I work at the Shareholder Services desk at the Co-op. In mid-March I returned one week early from a trip to the Pacific Northwest and California, quarantined for two weeks, and then came back to find a completely transformed workplace. It was shocking: the business had been completely reinvented in less than a month. No customers at 10 am on Tuesday when I arrived, just a sort of warehouse feel with a bunch of very busy colleagues, as though all the grocery aisles were just for storing food for purchase, none of the browsing or chatting, just dry storage, cold storage, freezers full of future shipments.
I’ve been back at work for a month now, and the novelty of our current business model has not worn off, though it’s not overwhelming anymore. For the first half of each day, workstations are transformed, everyone either on the move or camped out in some unfamiliar zone. I check the centralized schedule at what was once the cafe register to see where I’m supposed to be when I arrive, but oftentimes the needs of the moment are different when I get there. Everything, including me, is raw material for making things work. A desk, a chair, a phone, a good pen, a Sharpie, a roll of masking tape. A stapler. Paper clips. Highlighters. Cart. Scissors. Clipboard. Gloves and sprays and wipes and masks. There’s more music, specific to locale. Michelle brings a Bluetooth speaker with her on her cart, emanating pop as she shops expertly. Bulk and Produce pump up the jams sometimes. Once I listened to headphones while I shopped, feeling illicit (we’re not usually supposed to do this on the clock). I chose a soft, ambient synthesizer album that soothed my nerves and floated me through my orders.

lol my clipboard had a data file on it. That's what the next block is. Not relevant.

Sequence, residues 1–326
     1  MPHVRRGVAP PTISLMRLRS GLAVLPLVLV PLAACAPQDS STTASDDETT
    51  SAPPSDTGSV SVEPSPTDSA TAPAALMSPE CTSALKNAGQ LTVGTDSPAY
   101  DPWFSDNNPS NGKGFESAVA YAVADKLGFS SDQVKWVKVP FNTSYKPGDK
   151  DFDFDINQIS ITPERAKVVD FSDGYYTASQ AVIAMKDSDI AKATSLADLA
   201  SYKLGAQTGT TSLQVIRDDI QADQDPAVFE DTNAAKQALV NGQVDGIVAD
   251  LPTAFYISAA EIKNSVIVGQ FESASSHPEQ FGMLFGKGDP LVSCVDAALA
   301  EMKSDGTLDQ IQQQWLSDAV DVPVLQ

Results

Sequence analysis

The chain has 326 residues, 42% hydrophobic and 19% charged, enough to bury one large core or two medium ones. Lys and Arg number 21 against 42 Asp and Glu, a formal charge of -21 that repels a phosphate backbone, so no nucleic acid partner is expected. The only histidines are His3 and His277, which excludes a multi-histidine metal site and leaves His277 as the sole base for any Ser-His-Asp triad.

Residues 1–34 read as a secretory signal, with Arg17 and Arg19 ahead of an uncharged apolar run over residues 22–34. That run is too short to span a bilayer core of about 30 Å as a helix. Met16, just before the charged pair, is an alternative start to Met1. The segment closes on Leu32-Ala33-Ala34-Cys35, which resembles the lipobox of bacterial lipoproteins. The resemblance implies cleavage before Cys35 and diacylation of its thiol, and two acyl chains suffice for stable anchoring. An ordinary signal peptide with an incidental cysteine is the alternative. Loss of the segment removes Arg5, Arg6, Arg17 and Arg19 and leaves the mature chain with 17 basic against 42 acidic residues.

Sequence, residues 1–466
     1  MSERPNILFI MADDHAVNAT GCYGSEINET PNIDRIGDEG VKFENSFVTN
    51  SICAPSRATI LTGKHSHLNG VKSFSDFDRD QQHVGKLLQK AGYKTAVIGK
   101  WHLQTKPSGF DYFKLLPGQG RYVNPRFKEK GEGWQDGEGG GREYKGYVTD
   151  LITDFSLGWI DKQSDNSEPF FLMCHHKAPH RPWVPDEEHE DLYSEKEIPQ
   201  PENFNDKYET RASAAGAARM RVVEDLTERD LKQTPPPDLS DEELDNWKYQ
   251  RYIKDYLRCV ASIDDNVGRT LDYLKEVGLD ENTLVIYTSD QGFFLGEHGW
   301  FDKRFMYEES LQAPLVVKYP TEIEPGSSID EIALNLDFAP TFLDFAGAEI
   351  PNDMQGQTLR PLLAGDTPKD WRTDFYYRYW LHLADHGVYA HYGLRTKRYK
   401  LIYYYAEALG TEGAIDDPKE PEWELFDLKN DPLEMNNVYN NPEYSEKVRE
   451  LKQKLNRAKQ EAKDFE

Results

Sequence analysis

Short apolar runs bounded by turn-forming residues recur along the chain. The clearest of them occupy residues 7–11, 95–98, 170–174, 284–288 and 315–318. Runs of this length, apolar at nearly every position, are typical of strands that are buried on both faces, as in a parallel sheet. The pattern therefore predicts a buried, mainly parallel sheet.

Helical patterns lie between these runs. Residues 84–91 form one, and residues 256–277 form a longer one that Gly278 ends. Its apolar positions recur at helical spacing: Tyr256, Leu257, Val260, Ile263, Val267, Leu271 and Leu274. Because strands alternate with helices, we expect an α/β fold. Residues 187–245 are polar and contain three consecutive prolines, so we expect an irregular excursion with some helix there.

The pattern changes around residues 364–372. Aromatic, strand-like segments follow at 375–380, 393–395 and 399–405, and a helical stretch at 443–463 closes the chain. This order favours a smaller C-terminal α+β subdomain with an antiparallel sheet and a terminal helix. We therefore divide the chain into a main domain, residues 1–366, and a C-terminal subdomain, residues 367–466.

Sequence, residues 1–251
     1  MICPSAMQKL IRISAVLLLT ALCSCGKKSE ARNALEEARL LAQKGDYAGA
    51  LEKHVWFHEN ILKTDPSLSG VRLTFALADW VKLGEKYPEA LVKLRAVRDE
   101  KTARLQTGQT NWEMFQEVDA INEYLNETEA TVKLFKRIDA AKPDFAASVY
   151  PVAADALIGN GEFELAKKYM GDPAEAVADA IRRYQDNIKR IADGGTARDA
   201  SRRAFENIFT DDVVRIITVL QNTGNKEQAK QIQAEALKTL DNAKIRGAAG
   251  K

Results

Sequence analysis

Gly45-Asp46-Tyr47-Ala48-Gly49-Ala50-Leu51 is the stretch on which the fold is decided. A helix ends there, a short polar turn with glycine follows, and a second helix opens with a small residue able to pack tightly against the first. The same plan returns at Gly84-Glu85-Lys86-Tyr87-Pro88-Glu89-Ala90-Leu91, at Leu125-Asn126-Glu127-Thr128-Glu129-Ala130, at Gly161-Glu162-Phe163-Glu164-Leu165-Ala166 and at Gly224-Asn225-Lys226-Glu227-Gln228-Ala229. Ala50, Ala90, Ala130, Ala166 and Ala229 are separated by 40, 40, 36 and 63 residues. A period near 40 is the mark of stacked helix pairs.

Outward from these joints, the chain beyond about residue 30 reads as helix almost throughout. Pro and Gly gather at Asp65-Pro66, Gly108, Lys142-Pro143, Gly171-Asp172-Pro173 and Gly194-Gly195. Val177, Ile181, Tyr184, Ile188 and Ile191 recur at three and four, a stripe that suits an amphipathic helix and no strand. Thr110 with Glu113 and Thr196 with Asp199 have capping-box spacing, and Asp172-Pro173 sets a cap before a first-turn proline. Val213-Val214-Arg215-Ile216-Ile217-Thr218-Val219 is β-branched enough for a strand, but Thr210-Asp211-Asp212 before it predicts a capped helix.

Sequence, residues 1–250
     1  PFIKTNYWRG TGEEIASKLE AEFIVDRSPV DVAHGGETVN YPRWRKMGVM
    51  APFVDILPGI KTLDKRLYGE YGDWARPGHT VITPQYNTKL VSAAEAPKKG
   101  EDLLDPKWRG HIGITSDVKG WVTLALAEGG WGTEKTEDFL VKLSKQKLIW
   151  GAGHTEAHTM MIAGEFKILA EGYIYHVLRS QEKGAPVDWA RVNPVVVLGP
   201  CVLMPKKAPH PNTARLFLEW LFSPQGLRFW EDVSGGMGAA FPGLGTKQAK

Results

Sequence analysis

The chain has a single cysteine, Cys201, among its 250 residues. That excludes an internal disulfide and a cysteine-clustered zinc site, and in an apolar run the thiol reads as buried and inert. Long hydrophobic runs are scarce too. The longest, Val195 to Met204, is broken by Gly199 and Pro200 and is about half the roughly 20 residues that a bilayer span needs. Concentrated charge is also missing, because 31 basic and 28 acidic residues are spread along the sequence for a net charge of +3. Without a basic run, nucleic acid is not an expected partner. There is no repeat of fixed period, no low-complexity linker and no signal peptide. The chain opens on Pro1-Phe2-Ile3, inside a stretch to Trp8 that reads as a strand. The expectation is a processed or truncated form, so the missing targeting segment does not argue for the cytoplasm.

Phones at desks upstairs normally occupied by our Graphics department, Accounts Payable, IT folks, and other various offices now vacated due to the pandemic are linked into the Curbside Pickup Hotline (802-246-2800). Order-takers sit at those stations and painstakingly take down your grocery lists for 6 hours. The phones don’t stop ringing. I did that job once, and it was strangely exhausting. I dragged myself home that day. But for the most part the variation and the running around is kind of exhilarating.
Picking peoples’ curbside orders can be harder than you might think. I know how particular I am about my groceries, but I don’t want to take too much time on each one, so when we’re out of something it can be a bit of a mental exercise. I imagine the customer sitting at home without their favorite yogurt for a week and it starts to feel like a major emergency. But I do ok, I think. My main job is to call people for their credit card information. At first I was grumpy about it, but now I really don’t mind at all. As long as I’m in a good state of mind. One thing I’ve learned: there needs to be a rhythm to the card number conversation, otherwise we just stumble all over each other in a heap. I’ve learned not to interrupt the customer’s flow. One of the calls on my list the other day was a local orchestra conductor and I felt like our back-and-forth was turning melodic. Recitative, it’s called in opera. But I don’t think he noticed the mezzo-soprano lilts I put on “expiration?!” “security code?!” “billing zip code?!” One other thing I’ve learned is that all credit card numbers are grouped in fours except for American Express. The first time I got one of those, I had woken up on the wrong side of the bed and I wanted to whack the person’s wrist with a ruler like a scary nun. But now I know what to expect. To all of you who have been on the other end of my snark: I’m sorry. There have been a few days of impatience and pointed answers. Just one side-effect of COVID-19.